The final phase of repatriating Ugandans who had been stuck in Rwanda due to Coronavirus-induced lockdown ended Wednesday as 80 more Ugandans entered the country through the Gatuna/Katuna border post.
"The High Commission of the Republic of Uganda in Kigali, Rwanda has successfully repatriated a group of 80 Ugandan nationals including children. This makes 273 so far repatriated massively in addition to the 97 people who were repatriated on a case by case basis. Total repatriated is 370," the deputy head of mission at the Ugandan embassy in Rwanda, Ms Anne Katusiime said in a statement.
The first phase of Ugandans crossing from Rwanda was conducted on September 15, the second on September 19 and the third September 23.
"The Embassy undertook the registration and verification processes and coordinated their return aboard three Volcano buses and one private vehicle from Kigali through Gatuna/Katuna border destined for Kampala. I congratulate all the repatriated Ugandans for the resilience and patience they have exhibited during this trying period.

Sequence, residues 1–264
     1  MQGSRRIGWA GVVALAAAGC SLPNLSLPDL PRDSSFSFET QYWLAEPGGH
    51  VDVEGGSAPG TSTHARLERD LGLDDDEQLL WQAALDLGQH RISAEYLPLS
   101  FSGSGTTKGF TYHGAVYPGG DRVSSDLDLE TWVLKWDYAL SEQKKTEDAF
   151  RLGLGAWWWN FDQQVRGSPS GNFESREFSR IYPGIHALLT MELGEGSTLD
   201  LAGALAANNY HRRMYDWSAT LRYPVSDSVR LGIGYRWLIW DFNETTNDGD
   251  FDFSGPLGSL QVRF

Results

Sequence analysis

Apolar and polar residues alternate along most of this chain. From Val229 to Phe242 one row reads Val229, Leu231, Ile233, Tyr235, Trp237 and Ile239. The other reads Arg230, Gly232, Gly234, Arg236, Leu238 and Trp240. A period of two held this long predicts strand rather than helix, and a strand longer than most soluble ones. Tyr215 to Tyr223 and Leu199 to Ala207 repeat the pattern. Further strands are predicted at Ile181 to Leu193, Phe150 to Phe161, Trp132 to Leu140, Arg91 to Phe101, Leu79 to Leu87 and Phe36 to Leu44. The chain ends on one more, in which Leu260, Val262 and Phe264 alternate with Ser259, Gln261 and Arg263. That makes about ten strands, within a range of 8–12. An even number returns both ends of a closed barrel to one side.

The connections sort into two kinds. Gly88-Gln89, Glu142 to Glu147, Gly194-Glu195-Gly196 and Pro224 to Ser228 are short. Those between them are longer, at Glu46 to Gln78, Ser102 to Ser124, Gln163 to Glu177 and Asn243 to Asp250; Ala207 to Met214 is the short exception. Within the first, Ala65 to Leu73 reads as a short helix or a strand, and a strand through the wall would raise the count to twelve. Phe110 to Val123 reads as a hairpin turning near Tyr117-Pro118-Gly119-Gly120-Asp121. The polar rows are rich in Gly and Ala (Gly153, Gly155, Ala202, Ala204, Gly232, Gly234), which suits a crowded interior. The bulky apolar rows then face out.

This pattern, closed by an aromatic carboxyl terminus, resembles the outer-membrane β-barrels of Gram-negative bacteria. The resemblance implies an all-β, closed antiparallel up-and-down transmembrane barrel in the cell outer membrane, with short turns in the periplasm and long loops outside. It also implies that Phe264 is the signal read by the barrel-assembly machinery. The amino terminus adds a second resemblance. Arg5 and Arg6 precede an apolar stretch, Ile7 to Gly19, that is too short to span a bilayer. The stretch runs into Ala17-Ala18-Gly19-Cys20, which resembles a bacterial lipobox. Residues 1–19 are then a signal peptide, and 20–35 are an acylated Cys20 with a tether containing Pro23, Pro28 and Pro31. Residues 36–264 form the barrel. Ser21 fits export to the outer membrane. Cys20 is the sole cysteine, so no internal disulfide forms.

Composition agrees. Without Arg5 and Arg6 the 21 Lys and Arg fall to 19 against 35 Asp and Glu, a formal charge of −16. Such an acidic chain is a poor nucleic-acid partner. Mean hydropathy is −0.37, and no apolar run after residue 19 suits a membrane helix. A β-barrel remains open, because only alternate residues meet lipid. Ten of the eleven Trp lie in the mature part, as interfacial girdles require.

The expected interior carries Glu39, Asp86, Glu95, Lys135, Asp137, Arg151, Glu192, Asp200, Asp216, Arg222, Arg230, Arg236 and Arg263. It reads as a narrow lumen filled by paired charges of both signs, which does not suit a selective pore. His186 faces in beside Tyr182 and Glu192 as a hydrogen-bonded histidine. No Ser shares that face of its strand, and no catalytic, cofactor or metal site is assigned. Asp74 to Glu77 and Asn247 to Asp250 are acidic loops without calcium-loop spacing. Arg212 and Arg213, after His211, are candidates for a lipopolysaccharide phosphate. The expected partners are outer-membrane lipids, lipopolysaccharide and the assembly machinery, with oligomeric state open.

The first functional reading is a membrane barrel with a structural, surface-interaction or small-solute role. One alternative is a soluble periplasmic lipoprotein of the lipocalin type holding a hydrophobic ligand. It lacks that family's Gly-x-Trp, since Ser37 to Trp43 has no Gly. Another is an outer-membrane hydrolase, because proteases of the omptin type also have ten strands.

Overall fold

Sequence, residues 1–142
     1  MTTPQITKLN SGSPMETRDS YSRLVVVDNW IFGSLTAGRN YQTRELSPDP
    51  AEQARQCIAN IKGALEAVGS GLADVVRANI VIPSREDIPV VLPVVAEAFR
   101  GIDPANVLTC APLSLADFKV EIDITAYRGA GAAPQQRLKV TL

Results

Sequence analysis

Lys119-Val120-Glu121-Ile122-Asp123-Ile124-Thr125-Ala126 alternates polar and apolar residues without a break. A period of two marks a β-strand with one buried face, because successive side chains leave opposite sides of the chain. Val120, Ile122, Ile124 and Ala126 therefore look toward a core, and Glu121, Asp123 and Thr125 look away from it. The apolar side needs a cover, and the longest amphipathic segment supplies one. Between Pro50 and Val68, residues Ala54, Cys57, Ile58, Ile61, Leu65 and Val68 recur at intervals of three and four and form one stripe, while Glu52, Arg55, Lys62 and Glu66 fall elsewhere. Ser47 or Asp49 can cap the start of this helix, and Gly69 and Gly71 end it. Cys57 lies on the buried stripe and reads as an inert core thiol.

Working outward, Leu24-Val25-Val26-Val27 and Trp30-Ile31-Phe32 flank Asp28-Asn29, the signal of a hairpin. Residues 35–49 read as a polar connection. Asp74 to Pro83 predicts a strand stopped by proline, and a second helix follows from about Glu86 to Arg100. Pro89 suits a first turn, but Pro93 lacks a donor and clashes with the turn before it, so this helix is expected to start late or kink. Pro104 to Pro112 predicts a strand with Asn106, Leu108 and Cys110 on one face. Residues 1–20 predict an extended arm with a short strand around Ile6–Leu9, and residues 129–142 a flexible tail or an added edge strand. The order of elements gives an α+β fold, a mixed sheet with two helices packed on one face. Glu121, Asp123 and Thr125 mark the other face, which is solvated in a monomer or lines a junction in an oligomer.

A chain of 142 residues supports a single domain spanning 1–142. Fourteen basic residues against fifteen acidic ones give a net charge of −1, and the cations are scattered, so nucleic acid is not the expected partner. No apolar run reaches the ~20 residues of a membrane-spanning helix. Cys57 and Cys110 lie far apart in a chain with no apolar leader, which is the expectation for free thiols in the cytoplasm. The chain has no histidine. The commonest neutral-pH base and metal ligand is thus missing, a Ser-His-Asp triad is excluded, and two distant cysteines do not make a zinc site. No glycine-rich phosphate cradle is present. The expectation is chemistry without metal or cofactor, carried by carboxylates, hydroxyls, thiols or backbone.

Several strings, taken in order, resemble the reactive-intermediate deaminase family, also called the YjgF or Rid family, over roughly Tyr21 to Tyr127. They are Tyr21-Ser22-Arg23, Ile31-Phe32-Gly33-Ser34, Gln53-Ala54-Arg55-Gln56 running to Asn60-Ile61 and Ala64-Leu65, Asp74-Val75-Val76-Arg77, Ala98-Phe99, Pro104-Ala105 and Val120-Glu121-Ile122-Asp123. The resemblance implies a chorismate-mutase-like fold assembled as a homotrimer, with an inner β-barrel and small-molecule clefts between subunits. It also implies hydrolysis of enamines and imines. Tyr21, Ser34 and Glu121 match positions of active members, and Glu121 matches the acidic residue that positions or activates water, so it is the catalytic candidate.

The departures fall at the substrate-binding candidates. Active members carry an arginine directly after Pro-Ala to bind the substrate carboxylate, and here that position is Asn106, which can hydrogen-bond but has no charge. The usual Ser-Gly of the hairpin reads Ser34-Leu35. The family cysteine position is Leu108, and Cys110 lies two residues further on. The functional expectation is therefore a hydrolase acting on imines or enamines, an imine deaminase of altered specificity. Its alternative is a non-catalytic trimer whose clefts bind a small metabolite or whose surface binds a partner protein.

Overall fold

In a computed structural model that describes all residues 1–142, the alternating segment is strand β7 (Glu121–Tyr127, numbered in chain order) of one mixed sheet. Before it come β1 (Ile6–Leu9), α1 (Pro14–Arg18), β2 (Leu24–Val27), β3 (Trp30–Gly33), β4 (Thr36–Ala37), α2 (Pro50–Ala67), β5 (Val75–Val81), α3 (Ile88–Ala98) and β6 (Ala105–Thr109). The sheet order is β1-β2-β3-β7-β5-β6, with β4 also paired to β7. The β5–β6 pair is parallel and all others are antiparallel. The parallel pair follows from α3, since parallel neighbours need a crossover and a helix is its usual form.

This is the last group of stranded Ugandans to be repatriated from Rwanda. Other Ugandan nationals in Rwanda will have to wait until the situation is normal. I wish you safe journey and always abide by Ministry of Health guidelines to fight the spread of corona virus," Ms Katusiime said.
She said those repatriated include teachers whose contracts were terminated after schools were closed because of the coronavirus-induced lock down. Other bar workers and some business people that have opted to transfer their businesses back home.
According to her, a total of about 3,000 Ugandans had been staying in Rwanda before the outbreak of coronavirus.
The Ugandan immigration officials led by Mr Wallace Bindeeba received the repatriated Ugandans and said that they would be transported to Kampala where the ministry of health officials would determine where to quarantine them from for 14 days as per the coronavirus guidelines.
One of the repatriated Ugandans told this reporter that he has been working in Rwanda for three years and everything was okay until the virus lockdown was announced in March.
"Life and business was okay in Rwanda before the lock down. It became hard after the lock down was announced because I was not working yet in needed money for my daily up keep. I am happy to be back to my mother land," one of the repatriated Ugandan said.
Mr Boogere Issah, the Chairman of the Ugandan Association in Rwanda lauded all Ugandans for their cooperation and support, in terms food relief and financial, to fellow Ugandans during the lockdown period and urged them to continue with the spirit.